Jessica Young : That brand look, I mean, I think someone would be lying if they said they loved with everyone they worked with there or anywhere else. But I really do feel very fortunate for the people I got to work under. There were some real zingers in there. Unfortunately, with the GM's at Beverly Hills, there was a real wonky, weird period of turnover there with, you know, that was the head position. I did work with Kent Snyder, who I loved. Do you work?

Michelle : Oh, my God. Still I still have that now. I hated it when we were together, when we'd be doing merchandising and he'd be right behind you. Like cleaning up, like ladies. You're making messes. And now I fucking do that. Now I'm like, I'm not even done. I'm already cleaning up around me.

Jessica Young : I used to. Like I would have to turn around and, like, bite my knuckles because, by the way, only Kent could get away with that, but he would be flitting through the store and there would be, you know, tourists in there trying on shoes and they're taking the stuffing out of the high heels or whatever and putting it on the floor. And he would swoop by mid chant, singing one of his Dionne Warwick favorites and grab the paper and go, My, my, aren't you ladies messy? And then he was off. Now he's in the fitting room doing the same thing in there.

Michelle : And that's such a fucking brilliant management style. So, like, I just.

Jessica Young : I started smiling.

Michelle : I adore Kent. Like, man, what a great. I totally forgot about him.

Jessica Young : I'll never forget about him. I'm also in touch with him. And I was there the day that. I am sorry. This is freaking hilarious. Since he's okay. We had inventory which I know we all remember was such a nightmare because all those found objects, as they're called, all the antiquities, like all the concrete planters that no price tag would stay on. We would be frantic knowing that the district manager was coming and Jill Bogan or Jay Beau, as I referred to her, our loss prevention manager.

Michelle : Was.

Jessica Young : Like Leah DeLaria back 20 years ago. We'd be flipping through a book and we're like, Oh my God, what does this look like? A fleur de lead planner? I'd better be and can't was standing on a 15 or 20 foot ladder and he was having us hand him stuff and he was tossing it up on top of the bathroom. And I was like, Dude, be careful. You are like one tippy toe on that ladder and you're going to fall. And he's like, I'm fine. And the next thing you know, in slow motion, I'm going down, I'm yelling 'timber'. He fell with that ladder and hit his back on the corner of a massive antique armoire.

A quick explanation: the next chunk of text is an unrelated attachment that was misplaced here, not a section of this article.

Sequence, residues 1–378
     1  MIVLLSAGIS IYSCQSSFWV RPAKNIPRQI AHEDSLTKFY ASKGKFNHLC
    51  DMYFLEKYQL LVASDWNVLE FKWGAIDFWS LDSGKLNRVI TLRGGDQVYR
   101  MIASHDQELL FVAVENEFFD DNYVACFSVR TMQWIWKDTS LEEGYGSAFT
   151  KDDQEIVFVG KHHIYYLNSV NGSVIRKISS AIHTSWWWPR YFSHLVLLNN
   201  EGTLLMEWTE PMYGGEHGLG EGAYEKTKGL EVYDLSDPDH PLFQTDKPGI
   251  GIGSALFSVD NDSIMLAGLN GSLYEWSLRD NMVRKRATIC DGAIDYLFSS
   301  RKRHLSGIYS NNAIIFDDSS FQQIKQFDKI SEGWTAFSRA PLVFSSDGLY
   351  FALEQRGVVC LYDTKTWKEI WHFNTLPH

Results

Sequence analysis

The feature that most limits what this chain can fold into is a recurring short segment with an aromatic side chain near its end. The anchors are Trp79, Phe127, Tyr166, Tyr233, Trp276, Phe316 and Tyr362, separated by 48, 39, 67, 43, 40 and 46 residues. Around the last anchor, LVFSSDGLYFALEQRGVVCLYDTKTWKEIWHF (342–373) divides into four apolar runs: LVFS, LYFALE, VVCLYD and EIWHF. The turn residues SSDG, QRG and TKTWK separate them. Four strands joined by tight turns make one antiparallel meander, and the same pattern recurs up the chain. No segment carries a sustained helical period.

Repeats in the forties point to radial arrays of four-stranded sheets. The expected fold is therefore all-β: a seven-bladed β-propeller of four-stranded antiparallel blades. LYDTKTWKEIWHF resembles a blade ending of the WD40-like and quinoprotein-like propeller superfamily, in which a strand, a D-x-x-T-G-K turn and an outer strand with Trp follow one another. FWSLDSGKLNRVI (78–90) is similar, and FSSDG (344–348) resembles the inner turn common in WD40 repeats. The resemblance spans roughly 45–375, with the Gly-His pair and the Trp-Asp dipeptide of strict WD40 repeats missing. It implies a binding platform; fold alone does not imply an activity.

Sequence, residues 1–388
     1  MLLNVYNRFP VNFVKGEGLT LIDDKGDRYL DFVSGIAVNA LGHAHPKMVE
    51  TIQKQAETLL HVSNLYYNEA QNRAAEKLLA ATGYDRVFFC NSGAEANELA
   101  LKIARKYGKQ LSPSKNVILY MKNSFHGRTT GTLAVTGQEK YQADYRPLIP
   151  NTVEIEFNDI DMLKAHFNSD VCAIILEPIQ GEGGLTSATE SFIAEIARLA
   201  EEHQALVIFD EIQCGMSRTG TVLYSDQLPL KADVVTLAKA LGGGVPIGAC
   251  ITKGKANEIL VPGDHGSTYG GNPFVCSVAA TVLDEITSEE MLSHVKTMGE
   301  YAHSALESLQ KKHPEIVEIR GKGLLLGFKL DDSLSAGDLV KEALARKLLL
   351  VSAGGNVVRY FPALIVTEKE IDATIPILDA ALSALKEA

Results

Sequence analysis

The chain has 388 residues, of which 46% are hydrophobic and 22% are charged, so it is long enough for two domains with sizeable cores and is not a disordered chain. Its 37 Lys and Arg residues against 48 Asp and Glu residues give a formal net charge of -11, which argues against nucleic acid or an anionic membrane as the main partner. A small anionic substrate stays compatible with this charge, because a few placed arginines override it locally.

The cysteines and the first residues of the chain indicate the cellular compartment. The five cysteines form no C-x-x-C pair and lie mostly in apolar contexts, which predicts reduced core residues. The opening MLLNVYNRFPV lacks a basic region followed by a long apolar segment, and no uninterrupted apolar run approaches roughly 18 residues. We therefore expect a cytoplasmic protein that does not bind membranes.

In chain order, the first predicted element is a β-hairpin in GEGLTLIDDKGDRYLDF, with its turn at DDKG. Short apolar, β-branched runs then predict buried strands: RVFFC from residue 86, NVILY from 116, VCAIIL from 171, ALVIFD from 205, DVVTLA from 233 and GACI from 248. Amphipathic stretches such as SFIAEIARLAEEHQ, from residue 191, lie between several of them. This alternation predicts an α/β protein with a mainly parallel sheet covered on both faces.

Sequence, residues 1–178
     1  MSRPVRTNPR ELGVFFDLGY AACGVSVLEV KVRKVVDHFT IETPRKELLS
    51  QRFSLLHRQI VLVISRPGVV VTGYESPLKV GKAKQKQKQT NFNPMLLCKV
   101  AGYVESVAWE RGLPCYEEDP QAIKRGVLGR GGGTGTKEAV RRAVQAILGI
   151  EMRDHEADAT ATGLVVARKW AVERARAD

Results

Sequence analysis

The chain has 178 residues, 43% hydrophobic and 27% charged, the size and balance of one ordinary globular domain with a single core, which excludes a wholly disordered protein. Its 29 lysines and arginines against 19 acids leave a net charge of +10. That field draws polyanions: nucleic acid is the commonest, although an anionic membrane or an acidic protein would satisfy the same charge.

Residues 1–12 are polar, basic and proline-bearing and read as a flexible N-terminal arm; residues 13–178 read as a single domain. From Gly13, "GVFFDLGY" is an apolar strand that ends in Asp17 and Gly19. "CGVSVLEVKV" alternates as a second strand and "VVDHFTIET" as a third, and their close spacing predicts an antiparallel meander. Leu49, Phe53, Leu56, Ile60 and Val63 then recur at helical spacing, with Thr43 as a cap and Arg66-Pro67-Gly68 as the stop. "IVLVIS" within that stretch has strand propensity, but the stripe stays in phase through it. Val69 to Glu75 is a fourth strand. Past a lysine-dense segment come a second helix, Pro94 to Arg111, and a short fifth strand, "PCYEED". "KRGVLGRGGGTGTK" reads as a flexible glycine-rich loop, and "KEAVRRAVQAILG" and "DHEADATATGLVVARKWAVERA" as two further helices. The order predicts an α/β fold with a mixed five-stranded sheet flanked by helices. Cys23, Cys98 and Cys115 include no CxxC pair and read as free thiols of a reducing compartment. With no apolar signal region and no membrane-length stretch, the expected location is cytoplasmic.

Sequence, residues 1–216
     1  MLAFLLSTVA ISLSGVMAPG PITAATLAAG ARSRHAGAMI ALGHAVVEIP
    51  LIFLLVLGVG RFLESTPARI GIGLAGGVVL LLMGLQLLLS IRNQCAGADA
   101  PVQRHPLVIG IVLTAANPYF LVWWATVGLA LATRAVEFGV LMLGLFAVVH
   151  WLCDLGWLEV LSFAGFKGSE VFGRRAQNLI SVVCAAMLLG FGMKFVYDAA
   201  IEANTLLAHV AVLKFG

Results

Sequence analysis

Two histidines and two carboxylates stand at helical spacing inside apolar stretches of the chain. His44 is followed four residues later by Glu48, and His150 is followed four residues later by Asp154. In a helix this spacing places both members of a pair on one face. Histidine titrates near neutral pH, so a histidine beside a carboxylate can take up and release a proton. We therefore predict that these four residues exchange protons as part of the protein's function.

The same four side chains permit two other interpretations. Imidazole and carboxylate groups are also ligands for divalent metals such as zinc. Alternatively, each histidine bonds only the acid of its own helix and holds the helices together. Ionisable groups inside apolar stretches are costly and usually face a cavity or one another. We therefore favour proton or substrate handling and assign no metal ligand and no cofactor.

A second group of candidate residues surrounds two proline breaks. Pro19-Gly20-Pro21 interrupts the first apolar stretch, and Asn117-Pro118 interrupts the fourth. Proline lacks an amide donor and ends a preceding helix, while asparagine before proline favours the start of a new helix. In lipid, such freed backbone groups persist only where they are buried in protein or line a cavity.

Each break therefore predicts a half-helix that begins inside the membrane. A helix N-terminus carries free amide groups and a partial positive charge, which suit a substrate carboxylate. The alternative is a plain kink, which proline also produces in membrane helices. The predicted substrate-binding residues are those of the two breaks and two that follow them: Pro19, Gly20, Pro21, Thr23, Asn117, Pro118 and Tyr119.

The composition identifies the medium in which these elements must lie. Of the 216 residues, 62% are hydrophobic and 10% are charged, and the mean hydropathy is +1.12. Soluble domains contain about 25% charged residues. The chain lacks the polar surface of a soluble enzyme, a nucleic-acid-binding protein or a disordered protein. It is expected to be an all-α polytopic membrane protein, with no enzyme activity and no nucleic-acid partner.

Michelle : Aw, shit. I don't remember that.

Jessica Young : I saw it happen in slow motion, and I swear to God, I thought he's either dead or he just broke his back and he might be paralyzed.

Michelle : Holy shit.

Jessica Young : Being bent, being kicked. He didn't jump up with the same gusto he normally did, but he got up. He's like, I'm fine, I'm fine. And he hobbled away and we didn't see him for the rest of the day. The poor guy. Oh, my God. It's like, burned into my mind. I think Elaine was probably there at that time and remembers it.

Michelle : Hilarious. So what? How did you end your stint at Anthro? Where which store were you at and what was your final?

Jessica Young : I ended and Beverly Hills and then I was going from there to a new job. Here's how again. The whole family connection with all of our friends there, Sue Olivia, who I think worked with you at both stores. Sue also went between the stores. Dear friend of ours. She and I used to always go to the Brighton Diner and share a meatloaf sandwich on our lunch. I loved it. Sue reached out to me and she's like, Girl, you are perfect for my job. And I'm like, What do you mean your job? She's like, We've decided we're going to move back east. You need to meet my boss. And I was like, I'm not really ready for that right yet. I don't know. And I was kind of like, man. So when I left Anthropologie, I had a friend that was working through Conde Nast and said, Do you have interest in doing some visuals for Conde Nast? And I'm like, I'm sorry, what?

Michelle : Oh, I totally forgot about that dream job.

Jessica Young : So I will tell you again, thanks to being given wings by the people I worked with. Yeah. At Anthropologie and like getting to really start to learn incredible outside of the box and really hate saying crafty but what else do I call it? Crafty ways of coming up with things and creating. I walked in and they said, We heard you're really good at gift wrapping. I'm like, Yeah. They're like, Can you wrap these gifts? And they just left me in a room. I was like, Okay, with all these random supplies, well, I'm not tooting my own horn, but, you know, that's still my dream. One day I'm going to probably live in a tiny town and have a house on a bluff. And I'm going to have a store that does nothing but gift wrap, like the most outrageous wrapping. It gives me life. I love it. I'm obsessed with paper. I don't mean to digress. That's my dream job.

Michelle : No, I mean I love paper. But I had no idea that the gift wrapping like dream job. If I could do it all day.